A government taskforce is being set up to help reopen the cultural sector in England. Overseen by the Department for Digital, Culture, Media and Sport and chaired by a DCMS minister, its responsibilities will include tourism, culture and heritage, libraries, entertainment and sport. The group will be one of five official taskforces helping develop new “Covid-19 secure” guidelines specific to different parts of the economy. The other taskforces will oversee pubs and restaurants, non-essential retail, places of worship and international aviation. Separate sectoral sub-groups will be set up under each taskforce to examine issues specific to that sector. A museums and galleries working group is being set up by the recreation and leisure taskforce. It will work with the museum sector on the possible reopening of institutions in England in stage three of the UK government’s plan for lifting lockdown restrictions. The earliest this could take place is 4 July.
The Cultural Renewal Taskforce panel will be led by Neil Mendoza, the architect of the 2017 Mendoza Review of Museums in England. The other members are:
Part of Mendoza’s brief will be to collaborate with Arts Council England, National Lottery Heritage Fund, Historic England and other sectoral bodies to develop and deliver a strategy fit to support organisations large and small. The culture secretary, Oliver Dowden also announced £200 million in new funding which will be made available for small charities “that are at the heart of their communities”, but without any specific detail on how much of this – if any – would be available for cultural organisations.
The Welsh and Northern Irish governments have published recovery plans where open-air museums will open before other institutions. Museums Galleries Scotland is working with the Scottish government on plans to reopen the museum sector.
Whilst this all sounds very heartening, let’s hope that it’s not too little or too late to help British culture and heritage to rebound from the damaging impacts of the coronavirus lockdown.
This was the stark headline of an article in The Times yesterday (1 May) by its arts correspondent, Richard Morrison. Without the influx of foreign visitors the national museums will suffer. University museums will face funding losses as international students fail to enrol. Many museums and galleries are facing the possibility of permanent closure because of the Coronavirus pandemic and not just the smaller ones: the Mary Rose Museum in Portsmouth and the Postal Museum in London have already signalled their imminent insolvency. Moreover, the culture secretary seems to be more interested in getting top-level football played again rather than opening any aspect of the arts. As Morrison states, if it’s deemed acceptable for footballers to stand side-by-side in a defensive wall, why shouldn’t dancers be allowed to perform? If we’re allowed to visit supermarkets, why can’t social distancing be applied to our cultural assets? Museums and galleries will need to be creative in what they offer and how they make it available to us. So we must all do our bit to support our cultural heritage once re-opening starts. After all, with the drop in foreign visitors, social distancing will be easier to impose and we’ll be able to enjoy some of our best loved sites without huge crowds. But, above all, we need to lobby government to provide financial support for the hard-pressed smaller museums and galleries that simply may not survive this crisis otherwise.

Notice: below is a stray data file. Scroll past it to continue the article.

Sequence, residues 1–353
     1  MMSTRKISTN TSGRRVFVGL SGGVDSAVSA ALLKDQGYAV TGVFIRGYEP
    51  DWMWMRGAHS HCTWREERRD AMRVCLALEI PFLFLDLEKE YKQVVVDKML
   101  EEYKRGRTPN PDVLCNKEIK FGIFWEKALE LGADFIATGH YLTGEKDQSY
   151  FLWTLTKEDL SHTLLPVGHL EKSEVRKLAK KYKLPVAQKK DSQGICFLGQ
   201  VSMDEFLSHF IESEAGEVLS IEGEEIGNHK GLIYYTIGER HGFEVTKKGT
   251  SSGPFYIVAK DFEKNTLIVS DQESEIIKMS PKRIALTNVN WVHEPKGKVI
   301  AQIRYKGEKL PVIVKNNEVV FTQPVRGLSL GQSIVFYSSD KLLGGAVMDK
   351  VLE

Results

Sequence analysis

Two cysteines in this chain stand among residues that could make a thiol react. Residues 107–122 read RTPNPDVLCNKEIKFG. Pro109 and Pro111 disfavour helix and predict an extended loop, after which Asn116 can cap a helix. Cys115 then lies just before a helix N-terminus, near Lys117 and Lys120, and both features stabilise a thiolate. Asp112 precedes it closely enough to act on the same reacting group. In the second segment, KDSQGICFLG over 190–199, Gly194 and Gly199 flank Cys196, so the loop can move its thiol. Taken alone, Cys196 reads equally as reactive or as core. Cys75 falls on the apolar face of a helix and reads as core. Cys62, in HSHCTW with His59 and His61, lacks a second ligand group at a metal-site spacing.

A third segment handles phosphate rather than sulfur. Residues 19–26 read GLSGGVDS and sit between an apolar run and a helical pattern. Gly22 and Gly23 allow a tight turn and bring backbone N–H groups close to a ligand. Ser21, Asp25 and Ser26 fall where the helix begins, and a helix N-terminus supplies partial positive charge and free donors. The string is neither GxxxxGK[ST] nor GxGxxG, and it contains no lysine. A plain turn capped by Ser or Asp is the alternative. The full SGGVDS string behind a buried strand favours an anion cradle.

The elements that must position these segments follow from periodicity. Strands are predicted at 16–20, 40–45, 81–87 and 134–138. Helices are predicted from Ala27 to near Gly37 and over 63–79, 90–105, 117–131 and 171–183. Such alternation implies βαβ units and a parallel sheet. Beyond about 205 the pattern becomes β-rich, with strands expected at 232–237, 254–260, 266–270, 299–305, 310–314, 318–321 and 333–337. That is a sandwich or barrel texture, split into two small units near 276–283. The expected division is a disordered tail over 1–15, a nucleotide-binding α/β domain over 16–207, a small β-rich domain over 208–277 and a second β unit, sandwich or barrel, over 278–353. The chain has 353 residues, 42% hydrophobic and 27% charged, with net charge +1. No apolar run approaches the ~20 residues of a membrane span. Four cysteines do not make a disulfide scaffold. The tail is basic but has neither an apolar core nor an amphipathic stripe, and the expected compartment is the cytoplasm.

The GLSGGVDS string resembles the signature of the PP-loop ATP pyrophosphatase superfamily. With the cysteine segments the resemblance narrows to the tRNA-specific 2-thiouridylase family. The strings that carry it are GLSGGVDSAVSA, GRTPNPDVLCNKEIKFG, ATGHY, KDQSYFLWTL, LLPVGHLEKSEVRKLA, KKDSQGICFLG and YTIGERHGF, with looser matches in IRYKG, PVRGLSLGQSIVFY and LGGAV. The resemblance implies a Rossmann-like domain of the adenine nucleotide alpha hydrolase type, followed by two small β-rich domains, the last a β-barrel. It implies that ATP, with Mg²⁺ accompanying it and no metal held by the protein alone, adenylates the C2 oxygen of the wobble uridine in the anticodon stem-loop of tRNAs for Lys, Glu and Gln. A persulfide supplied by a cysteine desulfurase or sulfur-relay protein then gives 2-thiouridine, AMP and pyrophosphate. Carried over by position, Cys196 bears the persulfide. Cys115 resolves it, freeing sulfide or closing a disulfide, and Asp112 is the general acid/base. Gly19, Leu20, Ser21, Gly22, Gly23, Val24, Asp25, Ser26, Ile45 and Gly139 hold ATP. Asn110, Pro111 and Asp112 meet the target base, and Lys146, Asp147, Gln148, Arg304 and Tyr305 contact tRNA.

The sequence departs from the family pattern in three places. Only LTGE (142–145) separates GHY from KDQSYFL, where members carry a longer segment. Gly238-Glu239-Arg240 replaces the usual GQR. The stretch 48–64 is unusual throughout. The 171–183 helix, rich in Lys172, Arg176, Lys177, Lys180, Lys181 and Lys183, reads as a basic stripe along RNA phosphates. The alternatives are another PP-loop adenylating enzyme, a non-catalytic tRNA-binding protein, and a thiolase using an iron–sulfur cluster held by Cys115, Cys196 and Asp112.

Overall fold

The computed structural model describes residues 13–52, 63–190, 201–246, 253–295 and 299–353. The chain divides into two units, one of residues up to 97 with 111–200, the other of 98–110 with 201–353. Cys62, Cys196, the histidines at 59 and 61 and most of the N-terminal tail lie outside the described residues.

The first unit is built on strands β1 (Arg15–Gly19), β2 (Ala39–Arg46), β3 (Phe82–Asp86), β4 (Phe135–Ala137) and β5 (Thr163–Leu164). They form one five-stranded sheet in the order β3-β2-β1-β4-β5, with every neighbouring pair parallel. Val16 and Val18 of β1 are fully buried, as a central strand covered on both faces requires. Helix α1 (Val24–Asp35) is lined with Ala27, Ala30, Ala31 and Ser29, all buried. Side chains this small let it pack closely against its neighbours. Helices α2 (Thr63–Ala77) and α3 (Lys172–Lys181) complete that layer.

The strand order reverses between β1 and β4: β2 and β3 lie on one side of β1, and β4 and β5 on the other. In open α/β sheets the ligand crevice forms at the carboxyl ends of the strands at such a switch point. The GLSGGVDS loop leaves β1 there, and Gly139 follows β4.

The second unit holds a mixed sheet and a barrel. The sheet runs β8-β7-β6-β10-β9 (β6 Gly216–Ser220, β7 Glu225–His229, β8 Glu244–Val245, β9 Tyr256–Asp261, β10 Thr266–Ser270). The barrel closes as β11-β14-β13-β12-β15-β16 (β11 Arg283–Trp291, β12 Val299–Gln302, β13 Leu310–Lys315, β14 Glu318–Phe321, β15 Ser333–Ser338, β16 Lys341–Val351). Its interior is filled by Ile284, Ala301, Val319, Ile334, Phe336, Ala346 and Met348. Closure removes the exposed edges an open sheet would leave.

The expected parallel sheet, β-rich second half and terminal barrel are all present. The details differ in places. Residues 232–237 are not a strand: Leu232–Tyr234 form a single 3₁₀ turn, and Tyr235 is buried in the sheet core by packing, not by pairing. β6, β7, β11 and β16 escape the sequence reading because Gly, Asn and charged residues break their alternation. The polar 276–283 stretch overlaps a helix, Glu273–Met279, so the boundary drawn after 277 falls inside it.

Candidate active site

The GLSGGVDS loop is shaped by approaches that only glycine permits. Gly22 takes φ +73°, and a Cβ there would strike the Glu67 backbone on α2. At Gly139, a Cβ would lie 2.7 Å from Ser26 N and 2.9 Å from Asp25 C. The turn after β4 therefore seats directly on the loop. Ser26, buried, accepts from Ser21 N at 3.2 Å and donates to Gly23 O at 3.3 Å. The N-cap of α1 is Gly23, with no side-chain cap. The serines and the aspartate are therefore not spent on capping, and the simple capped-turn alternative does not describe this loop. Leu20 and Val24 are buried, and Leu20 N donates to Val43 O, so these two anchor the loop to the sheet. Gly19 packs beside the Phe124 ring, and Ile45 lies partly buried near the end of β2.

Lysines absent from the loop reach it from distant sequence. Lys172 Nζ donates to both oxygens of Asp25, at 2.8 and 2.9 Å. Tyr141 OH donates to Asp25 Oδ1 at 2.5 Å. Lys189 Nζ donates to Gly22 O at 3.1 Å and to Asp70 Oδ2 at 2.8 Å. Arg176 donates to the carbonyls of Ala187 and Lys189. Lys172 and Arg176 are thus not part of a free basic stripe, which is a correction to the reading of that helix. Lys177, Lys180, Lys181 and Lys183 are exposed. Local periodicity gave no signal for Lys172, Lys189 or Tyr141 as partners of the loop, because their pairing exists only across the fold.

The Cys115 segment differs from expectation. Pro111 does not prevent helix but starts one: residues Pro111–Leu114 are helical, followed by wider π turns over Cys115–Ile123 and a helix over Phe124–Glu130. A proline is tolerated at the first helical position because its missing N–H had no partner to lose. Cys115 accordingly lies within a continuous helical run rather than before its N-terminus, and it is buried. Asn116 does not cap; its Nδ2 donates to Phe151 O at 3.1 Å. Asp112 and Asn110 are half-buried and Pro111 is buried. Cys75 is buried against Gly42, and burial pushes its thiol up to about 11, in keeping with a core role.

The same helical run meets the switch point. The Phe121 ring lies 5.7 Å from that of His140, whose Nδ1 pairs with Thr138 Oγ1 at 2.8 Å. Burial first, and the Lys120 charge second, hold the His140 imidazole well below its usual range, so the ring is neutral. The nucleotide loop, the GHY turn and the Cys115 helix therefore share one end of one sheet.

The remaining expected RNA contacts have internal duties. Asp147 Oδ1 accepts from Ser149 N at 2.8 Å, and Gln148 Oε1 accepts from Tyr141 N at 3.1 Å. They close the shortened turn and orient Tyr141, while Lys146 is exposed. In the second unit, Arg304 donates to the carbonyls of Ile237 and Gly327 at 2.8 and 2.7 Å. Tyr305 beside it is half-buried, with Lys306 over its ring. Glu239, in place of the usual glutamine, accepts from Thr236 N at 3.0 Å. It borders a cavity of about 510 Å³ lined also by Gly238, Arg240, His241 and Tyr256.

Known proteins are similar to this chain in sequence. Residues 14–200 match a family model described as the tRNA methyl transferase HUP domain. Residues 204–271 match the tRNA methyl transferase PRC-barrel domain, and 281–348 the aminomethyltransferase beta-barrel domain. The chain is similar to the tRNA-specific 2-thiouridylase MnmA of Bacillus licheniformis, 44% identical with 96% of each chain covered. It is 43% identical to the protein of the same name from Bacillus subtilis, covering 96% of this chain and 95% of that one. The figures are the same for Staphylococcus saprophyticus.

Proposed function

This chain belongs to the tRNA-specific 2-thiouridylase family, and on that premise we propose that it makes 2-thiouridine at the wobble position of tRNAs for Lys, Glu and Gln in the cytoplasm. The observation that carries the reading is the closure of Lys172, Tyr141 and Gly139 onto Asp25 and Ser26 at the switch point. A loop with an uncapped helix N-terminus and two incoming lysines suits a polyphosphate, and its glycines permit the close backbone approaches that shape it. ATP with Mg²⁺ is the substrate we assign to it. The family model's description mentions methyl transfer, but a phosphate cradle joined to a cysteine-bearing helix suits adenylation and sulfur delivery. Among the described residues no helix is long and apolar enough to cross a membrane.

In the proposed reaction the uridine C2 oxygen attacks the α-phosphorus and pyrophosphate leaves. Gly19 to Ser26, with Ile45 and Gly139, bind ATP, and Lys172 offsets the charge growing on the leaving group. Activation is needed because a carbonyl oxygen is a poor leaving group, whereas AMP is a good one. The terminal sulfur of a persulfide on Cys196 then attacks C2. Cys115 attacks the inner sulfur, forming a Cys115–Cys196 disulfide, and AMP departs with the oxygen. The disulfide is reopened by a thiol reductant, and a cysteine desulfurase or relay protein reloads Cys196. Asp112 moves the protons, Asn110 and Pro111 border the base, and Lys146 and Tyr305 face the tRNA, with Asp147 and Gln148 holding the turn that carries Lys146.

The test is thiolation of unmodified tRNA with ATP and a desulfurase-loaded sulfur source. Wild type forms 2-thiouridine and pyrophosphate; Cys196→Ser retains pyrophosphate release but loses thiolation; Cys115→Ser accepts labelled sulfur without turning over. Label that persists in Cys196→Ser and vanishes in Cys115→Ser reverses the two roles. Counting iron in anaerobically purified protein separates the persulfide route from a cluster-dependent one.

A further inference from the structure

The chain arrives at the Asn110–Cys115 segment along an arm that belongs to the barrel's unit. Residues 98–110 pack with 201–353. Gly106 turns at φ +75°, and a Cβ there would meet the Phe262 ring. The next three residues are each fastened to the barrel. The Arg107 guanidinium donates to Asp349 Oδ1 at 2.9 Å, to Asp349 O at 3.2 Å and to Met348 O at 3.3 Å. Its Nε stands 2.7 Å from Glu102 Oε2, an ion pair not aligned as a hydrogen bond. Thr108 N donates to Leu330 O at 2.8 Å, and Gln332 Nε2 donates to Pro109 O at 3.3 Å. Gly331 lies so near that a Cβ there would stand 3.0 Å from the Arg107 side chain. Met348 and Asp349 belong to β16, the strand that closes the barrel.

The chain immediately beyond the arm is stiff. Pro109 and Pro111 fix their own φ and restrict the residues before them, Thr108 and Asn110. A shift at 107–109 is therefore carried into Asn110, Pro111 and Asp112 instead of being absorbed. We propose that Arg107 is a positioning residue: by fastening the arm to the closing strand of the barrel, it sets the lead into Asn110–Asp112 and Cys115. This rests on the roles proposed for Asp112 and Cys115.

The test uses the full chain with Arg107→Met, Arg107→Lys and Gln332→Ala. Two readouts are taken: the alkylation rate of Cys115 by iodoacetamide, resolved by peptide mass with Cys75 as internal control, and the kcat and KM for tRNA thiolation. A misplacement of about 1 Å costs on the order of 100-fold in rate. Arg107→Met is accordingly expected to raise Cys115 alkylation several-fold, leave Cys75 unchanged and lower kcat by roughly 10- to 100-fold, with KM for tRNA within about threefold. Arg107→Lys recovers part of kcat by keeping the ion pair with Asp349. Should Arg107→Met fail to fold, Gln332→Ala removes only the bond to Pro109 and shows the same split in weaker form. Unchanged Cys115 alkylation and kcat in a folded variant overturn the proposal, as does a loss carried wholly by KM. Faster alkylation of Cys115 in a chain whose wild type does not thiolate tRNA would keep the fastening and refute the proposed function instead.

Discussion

Restaurant menus are “curated”, fashion shows are “curated”, playlists are “curated”. So, when everything is “curated,” what does the word even mean? The term has become a fashionable buzzword, but its ubiquity has left it almost devoid of meaning. It is used to suggest reassurance, implying that the thing curated is meaningful yet, mostly, its use in these contexts is meaningless. Even worse, is use of the phrase “carefully curated”, which is tautological.
The origins of “curate” lie in the Latin word “curare”, meaning “to take care of”, which is what traditional users of the term, in museums and galleries, have done for a very long time. But, the idea of curators as creative agents in their own right is new, signified by the move from vocational work to independent and critical engagement and reflected in the move in recent years by museums to credit the curators of their exhibitions. According to Hans-Ulrich Obrist, artistic director of Serpentine Galleries in London “The current vogue for the idea of curating comes from the proliferation and reproduction of ideas, processed information and images in the digital age [and that] this contemporary resonance risks producing a kind of bubble where the word in itself loses meaning.”
For me this has parallels with the archive sector and the hijacking of the terms “archivist” and “archiving”, initially by IT, but now used in a wider context to simply mean collection or storage, and not just of documents, whereas the classic definition is of records selected for permanent preservation for their historical and informational value. With the dilution in meaning and value of this professional terminology, what then can those working in the arts and heritage sector use to reflect their skills and training?
Inspired by an article - “These days, everyone’s a curator” - in The New York Times, 3 March 2020.
Wentworth Woodhouse is an amazing Grade 1 listed country house in South Yorkshire. It has the longest frontage of any building in Britain and, reputedly, has 365 rooms. For years this incredible house was in danger of collapse due to coal mining that had weakened its foundations until, in 2016, the then Chancellor, Philip Hammond, made a grant of £7.6 million for restoration work. Although an estimated £42 million will be needed overall, Wentworth Woodhouse goes from strength to strength. The Preservation Trust has recently reported that phase one of the emergency works programme is almost at an end with like for like replacement of roof slates on the south-east wing, known as Bedlam, the Riding School and the Chapel. The chapel's ceiling has also been restored its the chandelier, that was discovered stored away in a dusty box, has lovingly restored. Work on phase two, to re-slate the east front State Rooms, is already running ahead of schedule.
The Camellia House, which is home to some of the oldest and rarest camellias in the Western world, is still roofless and in dire need of restoration, but has received a National Heritage Lottery Fund grant of £1.5 million to transform it into a daytime café and evening events venue. The grant will help to develop proposals for the 18th century menagerie, the Riding School and the southern range of the Stables. Meanwhile, the first donation to the newly-launched Wentworth Woodhouse Wishlist was by local company Spear and Jackson who donated their top-notch trowels, spades, forks and garden loppers to help the site’s volunteers.
My thoughts, views and musings about what's happening in the world of archives and records management, information and governance, heritage and culture